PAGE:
Investors are looking for a reprieve after the stock market’s poor performance in 2022. The S&P 500 finished the year down 19%, while the Nasdaq fell 33%, with a number of tech stocks falling even further.
Though most economists predict a recession this year, stocks have begun 2023 on a high note, gaining after the December jobs report showed unemployment remaining low but wage growth slowing – exactly what the Fed appears to want – and a continuing decline in inflation in the December Consumer Price Index (CPI).
So, will there be a new bull market in 2023? It’s impossible to know for sure, but here’s what investors should keep an eye on.
- The rate of inflation
Last year, the Federal Reserve dominated the narrative as its aggressive rate hikes caused stocks to plummet, particularly unprofitable growth stocks with stretched valuations. The reason for the rate increases was unusually high inflation, which peaked in the CPI at 9.1% year on year in June last year.
Because the Federal Reserve’s goal is to bring inflation back down to 2%, the faster inflation falls, the more likely it is that the Fed will ease off on rate hikes. Fed Chair Jerome Powell has stated that rates will remain high until inflation reaches the 2% target.
While the CPI is the most commonly used inflation measure, the Fed prefers a different metric: personal consumption expenditure (PCE), which it considers more comprehensive than the CPI. According to the most recent PCE report, released in November, the index increased 5.5% year on year.
In its December projections, the Federal Reserve predicted that PCE inflation would fall to 3.1% by the end of 2023, close to its long-term target of 2%.
Keep a close eye on PCE. If it continues to fall below the Fed’s forecast of 3.1% by the end of the year, stocks will benefit.
- Rates of interest
Over the last year, all eyes have been on the federal funds rate, which is now at 4.25%-4.5%. However, that is not the only interest rate to consider. Treasury yields also have an impact on stocks, and they have an inverse relationship. Stocks tend to fall when bond yields rise, and stocks tend to rise when bond yields fall.
Despite the Federal Reserve’s forecast for another 75 basis point hike this year, the interest rate on the benchmark 10-year Treasury Note has fallen significantly from its peak in October at 4.33% to 3.45%. This indicates that investors believe the risk of interest rates remaining high for an extended period of time has decreased, and it may also indicate that stocks have become more appealing. Interest rates have fallen as inflation has moderated.
It’s also worth keeping an eye on the yield curve, particularly the spread between 2-year and 10-year Treasury yields. The 10-year bond typically has a higher yield than the 2-year bond, which is typical for longer-dated bonds. However, the yield curve has inverted, which means that the 2-year now pays more than the 10-year, as illustrated in the chart below.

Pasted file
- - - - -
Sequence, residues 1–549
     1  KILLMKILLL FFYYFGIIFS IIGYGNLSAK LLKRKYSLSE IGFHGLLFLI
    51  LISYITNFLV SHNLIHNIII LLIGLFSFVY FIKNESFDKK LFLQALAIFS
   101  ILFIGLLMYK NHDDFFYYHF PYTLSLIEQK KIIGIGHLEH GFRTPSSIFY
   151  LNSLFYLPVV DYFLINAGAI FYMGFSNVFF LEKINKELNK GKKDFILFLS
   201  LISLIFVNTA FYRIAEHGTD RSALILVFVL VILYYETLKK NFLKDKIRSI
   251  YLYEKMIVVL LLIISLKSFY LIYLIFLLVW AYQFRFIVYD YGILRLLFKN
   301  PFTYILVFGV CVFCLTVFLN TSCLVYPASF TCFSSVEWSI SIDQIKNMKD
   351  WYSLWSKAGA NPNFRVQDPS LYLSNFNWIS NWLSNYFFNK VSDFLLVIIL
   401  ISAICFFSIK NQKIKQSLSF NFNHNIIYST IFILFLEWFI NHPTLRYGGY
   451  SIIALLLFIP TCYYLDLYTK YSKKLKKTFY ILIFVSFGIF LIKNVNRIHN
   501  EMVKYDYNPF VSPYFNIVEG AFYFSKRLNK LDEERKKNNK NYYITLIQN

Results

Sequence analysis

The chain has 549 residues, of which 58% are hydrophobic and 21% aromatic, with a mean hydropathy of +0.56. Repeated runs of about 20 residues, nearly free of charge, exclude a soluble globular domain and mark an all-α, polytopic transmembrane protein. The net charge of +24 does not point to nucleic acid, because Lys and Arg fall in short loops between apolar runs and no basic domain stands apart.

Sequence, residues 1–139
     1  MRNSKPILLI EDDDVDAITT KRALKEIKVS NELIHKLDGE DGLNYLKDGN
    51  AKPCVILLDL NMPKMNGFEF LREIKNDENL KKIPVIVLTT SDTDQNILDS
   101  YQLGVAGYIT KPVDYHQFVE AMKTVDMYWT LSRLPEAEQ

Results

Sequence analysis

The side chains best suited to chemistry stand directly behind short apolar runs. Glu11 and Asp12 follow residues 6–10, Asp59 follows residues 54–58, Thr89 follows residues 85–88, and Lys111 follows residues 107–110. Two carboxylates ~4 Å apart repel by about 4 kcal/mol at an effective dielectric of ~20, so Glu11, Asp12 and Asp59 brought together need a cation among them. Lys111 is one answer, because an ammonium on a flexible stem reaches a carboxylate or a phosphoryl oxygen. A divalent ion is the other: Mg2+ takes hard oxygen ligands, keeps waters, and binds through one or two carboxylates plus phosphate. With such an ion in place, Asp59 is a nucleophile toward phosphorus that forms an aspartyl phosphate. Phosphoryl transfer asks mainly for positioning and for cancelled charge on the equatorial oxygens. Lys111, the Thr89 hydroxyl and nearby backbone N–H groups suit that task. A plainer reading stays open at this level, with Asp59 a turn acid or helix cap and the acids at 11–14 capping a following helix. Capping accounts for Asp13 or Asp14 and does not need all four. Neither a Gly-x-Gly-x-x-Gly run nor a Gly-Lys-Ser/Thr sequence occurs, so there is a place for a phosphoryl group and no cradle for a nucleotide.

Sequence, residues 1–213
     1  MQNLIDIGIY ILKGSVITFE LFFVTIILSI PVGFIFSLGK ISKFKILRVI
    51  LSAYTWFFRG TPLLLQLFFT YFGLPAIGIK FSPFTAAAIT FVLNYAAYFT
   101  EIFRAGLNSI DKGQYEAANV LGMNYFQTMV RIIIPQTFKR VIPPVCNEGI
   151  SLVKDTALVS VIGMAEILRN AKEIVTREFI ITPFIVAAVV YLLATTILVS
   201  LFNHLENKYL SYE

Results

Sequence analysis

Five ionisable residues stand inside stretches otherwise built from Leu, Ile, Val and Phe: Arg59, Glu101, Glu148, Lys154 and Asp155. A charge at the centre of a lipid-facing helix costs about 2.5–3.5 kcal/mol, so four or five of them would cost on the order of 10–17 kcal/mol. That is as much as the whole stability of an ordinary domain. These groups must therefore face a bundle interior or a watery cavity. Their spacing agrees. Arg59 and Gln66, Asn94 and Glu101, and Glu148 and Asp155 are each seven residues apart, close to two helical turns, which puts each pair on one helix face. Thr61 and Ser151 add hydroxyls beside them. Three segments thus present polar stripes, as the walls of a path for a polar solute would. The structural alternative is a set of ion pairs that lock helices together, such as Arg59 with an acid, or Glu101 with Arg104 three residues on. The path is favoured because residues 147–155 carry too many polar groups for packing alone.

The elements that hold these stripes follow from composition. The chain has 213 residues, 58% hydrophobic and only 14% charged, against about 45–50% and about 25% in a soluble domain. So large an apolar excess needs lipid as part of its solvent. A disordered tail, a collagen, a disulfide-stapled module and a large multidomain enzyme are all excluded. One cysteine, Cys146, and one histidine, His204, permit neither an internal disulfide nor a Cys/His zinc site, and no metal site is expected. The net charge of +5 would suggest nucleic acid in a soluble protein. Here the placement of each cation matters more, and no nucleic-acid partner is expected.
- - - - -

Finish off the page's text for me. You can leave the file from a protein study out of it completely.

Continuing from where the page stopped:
Treasury Yield 10-2 Years YCharts data spread
When investors expect the federal funds rate to fall over time and see more risk in the short term than the long term, the yield curve tends to invert. An inverted yield curve has historically been a leading indicator of a recession, but it’s unclear whether that will hold true this time.
Nonetheless, investors would view a normalisation of the yield as a positive.
If the Fed stops raising the federal funds rate, interest rates could fall even further, which would be good for stocks.
- Profitability of corporations
Corporate profits are the third factor that will determine whether a new bull market begins this year. In fact, because the stock market ultimately measures how investors value future corporate profits, this may be the most important factor in determining when the next bull market begins.
Earnings in the S&P 500 fell 10% and 3% in the second and third quarters of last year, respectively. Analysts predict another drop in Q4, with earnings per share expected to fall 6% year on year.
However, the analyst consensus currently predicts that earnings-per-share growth will resume in Q1 2023 with an 8% increase and will continue to rise from there. Analysts predict that the broad market index will have a record earnings year.
This forecast may put the stock market at risk of negative guidance revisions, but it also indicates that analysts expect corporate earnings to rebound after a poor performance last year.
No one knows for certain whether or not another bull market will begin in 2023, but if inflation continues to fall toward 2%, the Fed stops raising rates, and corporate profits continue to rise, it appears that a new bull market will begin.
Jeremy Bowman is not a shareholder in any of the stocks mentioned. The Motley Fool owns no shares of any of the companies mentioned. The Motley Fool has a policy on disclosure.